Resistance reservoirs and multi-drug resistance of commensal Escherichia coli from excreta and manure isolated in broiler houses with different flooring designs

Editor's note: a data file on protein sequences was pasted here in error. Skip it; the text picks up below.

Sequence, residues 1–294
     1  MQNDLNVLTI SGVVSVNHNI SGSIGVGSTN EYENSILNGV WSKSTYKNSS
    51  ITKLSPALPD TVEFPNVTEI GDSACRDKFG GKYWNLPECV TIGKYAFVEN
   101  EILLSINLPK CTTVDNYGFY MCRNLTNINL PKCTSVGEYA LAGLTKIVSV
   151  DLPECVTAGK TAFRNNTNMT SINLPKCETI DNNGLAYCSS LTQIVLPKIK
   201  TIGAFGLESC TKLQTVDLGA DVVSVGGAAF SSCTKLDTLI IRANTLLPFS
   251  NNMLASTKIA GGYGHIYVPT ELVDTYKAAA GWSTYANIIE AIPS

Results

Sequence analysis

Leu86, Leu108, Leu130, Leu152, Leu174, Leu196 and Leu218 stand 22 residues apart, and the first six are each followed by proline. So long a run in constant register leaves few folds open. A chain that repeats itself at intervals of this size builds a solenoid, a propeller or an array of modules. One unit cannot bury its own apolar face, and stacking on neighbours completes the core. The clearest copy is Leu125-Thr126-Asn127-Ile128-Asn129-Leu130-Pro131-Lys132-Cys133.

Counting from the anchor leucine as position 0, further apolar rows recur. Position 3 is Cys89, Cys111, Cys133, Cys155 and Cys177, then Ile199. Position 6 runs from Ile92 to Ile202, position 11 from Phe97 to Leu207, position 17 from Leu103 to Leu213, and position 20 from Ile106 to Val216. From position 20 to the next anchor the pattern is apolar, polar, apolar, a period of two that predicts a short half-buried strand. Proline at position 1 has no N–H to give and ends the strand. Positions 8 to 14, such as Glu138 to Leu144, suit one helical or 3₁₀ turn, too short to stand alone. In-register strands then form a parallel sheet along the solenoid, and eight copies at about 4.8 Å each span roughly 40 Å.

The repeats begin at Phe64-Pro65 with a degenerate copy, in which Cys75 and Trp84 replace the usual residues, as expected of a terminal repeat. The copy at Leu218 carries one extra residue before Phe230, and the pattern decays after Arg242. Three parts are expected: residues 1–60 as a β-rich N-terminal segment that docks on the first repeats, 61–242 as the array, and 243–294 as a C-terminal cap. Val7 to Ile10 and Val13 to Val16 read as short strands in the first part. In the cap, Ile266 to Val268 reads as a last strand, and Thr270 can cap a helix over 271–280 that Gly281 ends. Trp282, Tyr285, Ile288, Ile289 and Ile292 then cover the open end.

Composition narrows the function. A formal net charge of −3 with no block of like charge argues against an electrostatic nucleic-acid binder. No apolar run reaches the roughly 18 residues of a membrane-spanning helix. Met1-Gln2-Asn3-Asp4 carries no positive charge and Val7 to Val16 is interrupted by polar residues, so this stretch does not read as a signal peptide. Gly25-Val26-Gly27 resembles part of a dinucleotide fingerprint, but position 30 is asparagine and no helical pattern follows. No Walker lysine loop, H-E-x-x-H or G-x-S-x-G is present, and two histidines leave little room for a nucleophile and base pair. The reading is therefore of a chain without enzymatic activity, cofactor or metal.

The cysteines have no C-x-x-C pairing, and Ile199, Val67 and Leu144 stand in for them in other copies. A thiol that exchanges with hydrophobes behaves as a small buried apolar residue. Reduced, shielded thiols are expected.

Carriage of resistant bacteria and spread of antimicrobial resistance (AMR) in the environment through animal manure pose a potential risk for transferring AMR from poultry and poultry products to the human population. Managing this risk is becoming one of the most important challenges in livestock farming. This study focused on monitoring the prevalence of multi-drug resistance (MDR) bacteria and development of AMR depending on flooring. In two experiments (2 × 15,000 birds), broilers were always divided in two different stables. In the control group, the entire floor pen was covered with litter material and in the experimental group, the flooring system was partly modified by installing elevated slat platforms equipped with water lines and feed pans. Over the whole fattening period, excreta and manure samples were taken (days 2, 22, and 32). In total, 828 commensal E. coli isolates were collected. The development and prevalence of resistance against four different antibiotic classes (quinolones, β-lactams, tetracyclines, and sulfonamides) were examined by using broth microdilution. At the end of the trials, the amount of manure per square metre was twice as high below the elevated platforms compared to the control group. Approximately 58% of E. coli isolates from excreta showed resistance against at least one antibacterial agent at day 2. During and at the end of the fattening period, resistant E. coli isolates at least against one of the four antibacterial agents were observed in excreta (46 and 46%, respectively), and manure samples (14 and 42%, respectively), despite the absence of antibacterial agent usage. In spite of less contact to manure in the experimental group, the prevalence of resistant E. coli isolates was significantly higher. Birds preferred the elevated areas which inevitably led to a local high population density. Animal-to-animal contact seems to be more important for spreading antimicrobial resistant bacteria than contact to the litter-excreta mixture. Therefore, attractive areas in poultry housing inducing crowding of animals might foster transmission of AMR. In poultry farming, enrichment is one of the most important aims for future systems. Consequently, there is a need for keeping birds not carrying resistant bacteria at the start of life.
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